On Regression:
the case of Dr. David Cassidy and the case of President Bush

Nipawin - Friday - May 30 2003 - by: Mario deSantis


I am appalled at the extent of the statistical regression way to look at our world. I always remember when Dr. David Cassidy came up with a statistical research to assert that, in the province of Saskatchewan, no fault auto insurance is better than tort law as disabled claimants recover much faster under no fault. Dr. Cassidy and his research team glorified their statistical research by applying what they called the gold standard method of regression analysis. Different researchers disproved the results found by Dr. Cassidy and I called this no fault study a fraud. We must be careful and perceptive in applying statistical researches and the same George Gallup, founder of the Gallup Poll, warned that "I could prove God statistically."
  I am really annoyed at the widespread use of statistical polls by the media, governments, universities and any business as such polls are distorting our ability to think for ourselves. Today I was most annoyed to discover that regressive economist Kristin J. Forbes of MIT has been named to President Bush's Council of Economic Advisers.
  In fact, Forbes' contribution to the Bush administration is her statistical regression analysis that
"in the short and medium term, an increase in a country's level of income inequality has a significant positive relationship with subsequent economic growth."
  Forbes' mentality is in tune with president Bush's regressive economic policies of cutting marginal tax rates and cutting taxes on dividends.
  It is important to confirm our understanding in our languaging rather than in statistical numbers and this is how the dictionary WordNet ® 1.6, © 1997 Princeton University explains the word REGRESSION:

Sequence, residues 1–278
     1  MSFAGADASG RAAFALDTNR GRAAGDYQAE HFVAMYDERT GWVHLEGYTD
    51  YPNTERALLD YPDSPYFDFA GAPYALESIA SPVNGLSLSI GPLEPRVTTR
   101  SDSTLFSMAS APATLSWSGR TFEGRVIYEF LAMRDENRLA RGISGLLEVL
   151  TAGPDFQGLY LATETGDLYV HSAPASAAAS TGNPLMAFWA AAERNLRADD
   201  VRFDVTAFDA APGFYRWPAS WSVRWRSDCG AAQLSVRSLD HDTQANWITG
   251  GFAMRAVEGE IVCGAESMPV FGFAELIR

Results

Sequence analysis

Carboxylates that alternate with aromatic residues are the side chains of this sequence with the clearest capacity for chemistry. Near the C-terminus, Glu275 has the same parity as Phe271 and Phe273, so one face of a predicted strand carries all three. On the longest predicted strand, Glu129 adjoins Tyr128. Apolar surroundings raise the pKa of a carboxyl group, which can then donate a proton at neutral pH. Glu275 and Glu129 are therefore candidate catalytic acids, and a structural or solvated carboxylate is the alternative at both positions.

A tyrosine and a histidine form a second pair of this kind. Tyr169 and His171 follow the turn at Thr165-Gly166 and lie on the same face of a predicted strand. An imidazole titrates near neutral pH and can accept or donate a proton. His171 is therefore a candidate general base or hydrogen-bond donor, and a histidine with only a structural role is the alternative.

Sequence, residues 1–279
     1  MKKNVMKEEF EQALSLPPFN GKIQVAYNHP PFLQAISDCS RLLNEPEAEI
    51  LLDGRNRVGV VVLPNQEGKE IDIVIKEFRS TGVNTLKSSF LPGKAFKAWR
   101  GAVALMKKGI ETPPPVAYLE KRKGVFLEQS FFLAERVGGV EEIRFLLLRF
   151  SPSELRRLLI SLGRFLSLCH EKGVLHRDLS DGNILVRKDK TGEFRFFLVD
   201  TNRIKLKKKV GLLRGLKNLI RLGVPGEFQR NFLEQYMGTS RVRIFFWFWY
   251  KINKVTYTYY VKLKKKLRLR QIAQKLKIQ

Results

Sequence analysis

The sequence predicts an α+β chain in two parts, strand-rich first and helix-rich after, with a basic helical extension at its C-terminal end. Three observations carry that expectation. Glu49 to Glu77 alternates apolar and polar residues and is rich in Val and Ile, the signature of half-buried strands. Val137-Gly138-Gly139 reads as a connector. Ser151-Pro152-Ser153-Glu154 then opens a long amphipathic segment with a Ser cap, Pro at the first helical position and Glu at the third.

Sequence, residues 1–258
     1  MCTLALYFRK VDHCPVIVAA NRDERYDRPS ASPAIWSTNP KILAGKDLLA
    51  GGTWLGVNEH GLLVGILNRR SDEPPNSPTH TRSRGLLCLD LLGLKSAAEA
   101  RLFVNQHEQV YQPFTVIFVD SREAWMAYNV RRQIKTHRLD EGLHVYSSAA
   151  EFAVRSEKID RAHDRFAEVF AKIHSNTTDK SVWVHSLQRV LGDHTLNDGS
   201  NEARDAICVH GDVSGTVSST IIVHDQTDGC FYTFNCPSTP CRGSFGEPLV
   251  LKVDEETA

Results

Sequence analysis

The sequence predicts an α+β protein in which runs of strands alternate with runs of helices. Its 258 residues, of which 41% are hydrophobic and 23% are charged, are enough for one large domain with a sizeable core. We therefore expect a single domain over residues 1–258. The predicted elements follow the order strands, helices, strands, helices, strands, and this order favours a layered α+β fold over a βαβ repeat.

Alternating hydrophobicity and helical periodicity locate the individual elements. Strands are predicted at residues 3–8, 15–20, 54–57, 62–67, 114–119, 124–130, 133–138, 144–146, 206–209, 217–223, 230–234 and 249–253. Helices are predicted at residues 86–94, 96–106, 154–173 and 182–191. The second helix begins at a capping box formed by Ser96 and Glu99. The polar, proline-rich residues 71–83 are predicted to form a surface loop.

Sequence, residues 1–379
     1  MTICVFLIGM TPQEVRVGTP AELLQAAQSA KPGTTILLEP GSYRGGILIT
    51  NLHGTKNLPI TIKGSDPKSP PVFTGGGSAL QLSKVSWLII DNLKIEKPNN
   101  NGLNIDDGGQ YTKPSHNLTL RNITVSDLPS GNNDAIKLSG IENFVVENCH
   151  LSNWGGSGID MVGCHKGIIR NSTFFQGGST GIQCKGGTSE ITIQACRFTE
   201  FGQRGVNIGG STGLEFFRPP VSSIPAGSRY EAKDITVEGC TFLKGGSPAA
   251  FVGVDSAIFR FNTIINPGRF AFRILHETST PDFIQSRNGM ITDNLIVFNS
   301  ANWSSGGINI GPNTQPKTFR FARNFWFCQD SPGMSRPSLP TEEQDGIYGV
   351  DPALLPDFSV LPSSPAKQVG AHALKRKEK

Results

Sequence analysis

• an abnormal state in which development has stopped prematurely

  • a defense mechanism in which you flee from reality by assuming a more infantile state

  • the relation between selected values of x and observed values of y (from which the most probable value of y can be predicted for any value of x)

  • returning to a former state.
  Pertinent articles published in Ensign
  University of Saskatchewan Communications Dramatic reduction in claims and improved recovery time with no fault insurance system (Note: Dr. David Cassidy conducted this study while Director of the University of Saskatchewan Institute for Health and Outcomes Research, Department of Physical Medicine and Rehabilitation) December 31, 1999 http://www.usask.ca/events/news/articles/20000419-1.html
  deSantis, Mario The Incredible Abuse of Saskatchewan No-Fault Insurance (Part 4) June 3, 2000 Ensign
  Gross, Daniel Dr. Inequality: Bush's new economist has a curious prescription May 23, 2003 Slate Magazine, http://slate.msn.com/?id=2083561
  Forbes, Kristin J. Reassessment of the Relationship between Inequality and Growth September 2000 American Economic Review, http://ideas.repec.org/a/aea/aecrev/v90y2000i4p869-887.html


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